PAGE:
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How to shoot yourself in the foot with regular expressions

I had some Delphi code that is used a user entered text string as a key. After the user entered in the text, my code would force it to uppercase and strip out any characters outside of A-Z and 0-9. This was for a very specialized task and the following Delphi code did the job.

function GetStrippedValue(const value: string): string;
var
i: integer;
begin
result := '';

// strip punctuation out of the name and force to uppercase
for i := 1 to length(value) do
if value[i] in ['A'..'Z', 'a'..'z', '0'..'9'] then
result := result + Uppercase(value[i]);
end;

Nothing elegant, and performance wasn’t an issue as it was rarely used. I wrote that code in the spring of 2000 and it hasn’t been touched much since then. I now have a C# application that needs to work with the same data, so I to perform the same functionality using C#. Since C# does not have the set operators that Delphi has, I had to strip out the characters in a different way. I figured that I could use a simple regular expression and match the characters that way. I should have remembered that old quote attributed to Jamie Zawinski:

Some people, when confronted with a problem, think “I know, I’ll use regular expressions.”

Now they have two problems.

I had decided to make the expression as simple as possible. I used the following function to accomplish what I had done years earlier in Delphi:

private string GetStrippedValue(string value)
{
string pattern = @"[^\w]";

string result = Regex.Replace(value.Trim().ToUpper(), pattern, "");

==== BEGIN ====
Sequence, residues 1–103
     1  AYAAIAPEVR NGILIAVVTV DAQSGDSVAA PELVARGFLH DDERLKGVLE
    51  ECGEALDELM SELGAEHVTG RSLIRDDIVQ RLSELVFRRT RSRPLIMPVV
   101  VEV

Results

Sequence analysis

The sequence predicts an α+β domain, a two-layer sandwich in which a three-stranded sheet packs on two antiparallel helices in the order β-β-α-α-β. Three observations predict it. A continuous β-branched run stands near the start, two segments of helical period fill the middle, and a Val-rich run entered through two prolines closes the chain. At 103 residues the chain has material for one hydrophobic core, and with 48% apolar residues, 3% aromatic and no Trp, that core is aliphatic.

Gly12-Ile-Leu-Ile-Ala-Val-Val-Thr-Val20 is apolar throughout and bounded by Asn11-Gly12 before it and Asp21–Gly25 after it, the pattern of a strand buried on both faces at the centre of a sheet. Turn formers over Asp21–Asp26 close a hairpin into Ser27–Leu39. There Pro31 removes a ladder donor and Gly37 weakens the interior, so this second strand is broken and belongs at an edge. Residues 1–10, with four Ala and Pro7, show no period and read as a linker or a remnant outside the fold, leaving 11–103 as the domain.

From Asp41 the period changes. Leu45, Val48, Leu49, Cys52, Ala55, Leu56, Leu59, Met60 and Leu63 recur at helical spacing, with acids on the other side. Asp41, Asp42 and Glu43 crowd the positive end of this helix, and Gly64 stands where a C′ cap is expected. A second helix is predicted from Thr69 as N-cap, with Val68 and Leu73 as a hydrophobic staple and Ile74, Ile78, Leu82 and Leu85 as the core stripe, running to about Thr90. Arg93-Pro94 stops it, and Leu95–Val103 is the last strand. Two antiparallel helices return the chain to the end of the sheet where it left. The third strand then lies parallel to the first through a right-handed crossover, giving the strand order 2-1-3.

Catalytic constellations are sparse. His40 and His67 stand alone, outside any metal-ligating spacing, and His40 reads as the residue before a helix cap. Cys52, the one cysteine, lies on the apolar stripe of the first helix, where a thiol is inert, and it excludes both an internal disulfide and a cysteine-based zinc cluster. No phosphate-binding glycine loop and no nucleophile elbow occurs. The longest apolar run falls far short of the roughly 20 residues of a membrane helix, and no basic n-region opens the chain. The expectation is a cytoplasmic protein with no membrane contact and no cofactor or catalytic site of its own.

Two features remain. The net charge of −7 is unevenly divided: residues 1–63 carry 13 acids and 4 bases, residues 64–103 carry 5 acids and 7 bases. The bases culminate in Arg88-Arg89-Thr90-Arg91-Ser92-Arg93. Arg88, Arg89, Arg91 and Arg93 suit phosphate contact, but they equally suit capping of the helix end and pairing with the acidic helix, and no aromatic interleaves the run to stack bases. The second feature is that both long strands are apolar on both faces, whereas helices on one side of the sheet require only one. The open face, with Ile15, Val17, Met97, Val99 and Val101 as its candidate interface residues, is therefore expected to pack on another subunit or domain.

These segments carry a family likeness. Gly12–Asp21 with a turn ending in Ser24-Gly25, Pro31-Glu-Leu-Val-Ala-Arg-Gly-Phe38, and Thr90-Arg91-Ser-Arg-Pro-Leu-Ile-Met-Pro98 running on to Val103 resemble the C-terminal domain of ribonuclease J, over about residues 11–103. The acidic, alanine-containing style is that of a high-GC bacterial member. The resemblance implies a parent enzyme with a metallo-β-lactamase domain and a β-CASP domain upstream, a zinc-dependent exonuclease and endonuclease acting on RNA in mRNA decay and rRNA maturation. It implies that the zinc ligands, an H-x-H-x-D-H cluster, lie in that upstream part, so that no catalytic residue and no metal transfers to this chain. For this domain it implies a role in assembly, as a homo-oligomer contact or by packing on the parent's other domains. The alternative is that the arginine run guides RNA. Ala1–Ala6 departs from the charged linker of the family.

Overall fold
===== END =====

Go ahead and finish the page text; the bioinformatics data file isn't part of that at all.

return result;
}

What I am doing here is to replace any text that matches the Regex expression with an empty string. The “^” caret character negates the expression, in other words replace anything that doesn’t match the “\w” token with an empty string. I had found the “\w” documented to match any non-word character, but I didn’t look too closely to the definition. I was using the syntax defined at www.regular-expressions.info, where it is documented which matches letters ,digits and whitespace. That turned out to be different from the definition used by .NET and Python.

With .NET, that pattern allows alphanumeric characters, PLUS the ”_” underscore character. A slight, but fatal flaw on my part. I didn’t catch it when I wrote because my sample data didn’t have any underscores in them. I found it today while adapting that code for a new task, where the data can have underscores.

Einstein put it best, “Everything should be made as simple as possible, but not simpler.”. My attempt to write the least amount of code was flawed. What I should have done was to use the following syntax:

private string GetStrippedValue(string value)
{
string pattern = @"(?i)[^A-Z0-9]";

string result = Regex.Replace(value.Trim().ToUpper(), pattern, "");

return result;
}

This way, I am explicitly defining the allowable characters and now I’m getting the results that I wanted. Since I am passing in a string that is being forced to uppercase, I don’t need to test for lowercase letters (“a-z”). An alternative version that produces the same results would be:

private string GetStrippedValue(string value)
{
string pattern = @"[^A-Z0-9]";

string result = Regex.Replace(value.Trim().ToUpper(), pattern, "",System.Text.RegularExpressions.RegexOptions.IgnoreCase);

return result;
}

I’m not sure if one way is better than the other. The “(?i)” is equivalent to the System.Text.RegularExpressions.RegexOptions.IgnoreCase RegexOption. For this project the performance of the code is not an issue, it only gets called a few times.

The moral of this story is if you need to use regular expressions, check the syntax for the implementation that you are using.